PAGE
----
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Stop Wage Garnishment in Montana

Dena Standley | April 19, 2023

Dena Standley
Legal Expert, Paralegal
Dena Standley, BA

Dena Standley is a seasoned paralegal with more than 20 years of experience in legal research and writing, having received a certification as a Legal Assistant/Paralegal from Southern Technical College.

Edited by Hannah Locklear

Hannah Locklear
Editor at SoloSuit
Hannah Locklear, BA

Hannah Locklear is SoloSuit’s Marketing and Impact Manager. With an educational background in Linguistics, Spanish, and International Development from Brigham Young University, Hannah has also worked as a legal support specialist for several years.

There are ways to stop wage garnishment in Montana.

Summary: Montana has laws in place to limit how much of your wages can be garnished. For garnishments by debtors, no more than 25% of your disposable income can be garnished. For child support, that amount increases to 25% of your total income. Responding to a debt collection lawsuit can help you avoid wage garnishment.

A creditor or debt collector who obtains a judgment against a debtor can get a Writ of Execution to garnish the debtor's earnings. Wage garnishment allows the creditor to take money from your paycheck to recover what you owe. If the garnishment is already in place, you can apply for an exemption, negotiate a payment plan, pay off the debt, or file for bankruptcy.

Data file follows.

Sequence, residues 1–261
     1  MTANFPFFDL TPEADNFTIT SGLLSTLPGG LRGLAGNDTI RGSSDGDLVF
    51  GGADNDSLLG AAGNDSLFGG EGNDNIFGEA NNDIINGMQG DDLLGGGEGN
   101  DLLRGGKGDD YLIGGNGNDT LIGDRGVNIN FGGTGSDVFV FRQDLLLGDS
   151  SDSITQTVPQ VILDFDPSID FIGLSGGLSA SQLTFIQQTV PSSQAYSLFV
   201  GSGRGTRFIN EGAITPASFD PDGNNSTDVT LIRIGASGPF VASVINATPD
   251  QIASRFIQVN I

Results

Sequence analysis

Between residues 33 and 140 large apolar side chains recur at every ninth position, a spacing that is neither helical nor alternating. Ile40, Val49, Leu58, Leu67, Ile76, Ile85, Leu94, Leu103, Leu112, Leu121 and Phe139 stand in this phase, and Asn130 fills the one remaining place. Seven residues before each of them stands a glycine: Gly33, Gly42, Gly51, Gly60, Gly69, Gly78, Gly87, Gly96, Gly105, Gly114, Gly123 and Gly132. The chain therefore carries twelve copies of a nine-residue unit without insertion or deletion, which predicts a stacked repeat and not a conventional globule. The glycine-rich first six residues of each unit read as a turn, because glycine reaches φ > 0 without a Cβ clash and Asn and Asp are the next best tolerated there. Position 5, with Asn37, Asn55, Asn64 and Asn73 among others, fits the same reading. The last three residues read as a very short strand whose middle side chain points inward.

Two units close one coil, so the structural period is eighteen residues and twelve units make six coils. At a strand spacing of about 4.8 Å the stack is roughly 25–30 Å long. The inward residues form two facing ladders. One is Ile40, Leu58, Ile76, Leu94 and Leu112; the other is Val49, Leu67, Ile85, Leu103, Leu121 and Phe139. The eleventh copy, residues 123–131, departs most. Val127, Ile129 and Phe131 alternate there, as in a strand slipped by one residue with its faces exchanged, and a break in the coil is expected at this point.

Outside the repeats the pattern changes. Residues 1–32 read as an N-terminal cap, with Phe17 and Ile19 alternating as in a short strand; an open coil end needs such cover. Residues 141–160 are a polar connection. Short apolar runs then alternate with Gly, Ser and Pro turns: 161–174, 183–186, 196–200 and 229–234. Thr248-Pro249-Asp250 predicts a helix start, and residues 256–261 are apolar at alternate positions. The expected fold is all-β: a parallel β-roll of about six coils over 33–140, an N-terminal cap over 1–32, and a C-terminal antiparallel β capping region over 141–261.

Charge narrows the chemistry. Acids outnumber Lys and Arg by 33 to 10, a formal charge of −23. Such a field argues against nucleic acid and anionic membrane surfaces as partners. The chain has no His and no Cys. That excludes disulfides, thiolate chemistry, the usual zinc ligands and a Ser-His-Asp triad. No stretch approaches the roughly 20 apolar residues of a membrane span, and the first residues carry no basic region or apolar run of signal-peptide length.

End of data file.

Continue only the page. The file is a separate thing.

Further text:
By the time most consumers are dealing with a wage garnishment, their financial situation is typically strained. They have defaulted on loans, have had to respond to numerous collection calls and letters, they may have even attended court hearings and lost.

Still, you can use state and federal laws to stop a garnishment. This guide helps you understand Montana wage garnishment laws and how you can use them to your advantage. And if you settle your debt before going to court, you can avoid wage garnishment altogether. Someone could garnish your wages for many reasons, but this article focuses primarily on debt collection judgments.

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How does wage garnishment work in Montana?

A creditor needs a judgment to garnish your wages in Montana. After the decision, they must obtain a writ of execution. Once they do, they can start seizing part of your wages directly from your employer until they recover their money. The execution writ is valid for 120 days, after which they must apply for a new one.

There's a limit to how much of your earnings a judgment creditor can garnish in Montana. Montana Code 25-13-614 Earnings of Judgment Debtor restricts that amount to 25% of your disposable weekly income or cash above 30 times the minimum hourly wage, whichever is lesser.

Disposable income is your earnings after all taxes. It does not take into account your grocery shopping or rent.

Some types of garnishment, such as child support and alimony, do not apply those restrictions. Child support withholdings are determined under MCA §40-5-416 and can reach 25% of the obligor's income. In such a case, your employer has no option but to honor the court order, your earnings amount notwithstanding.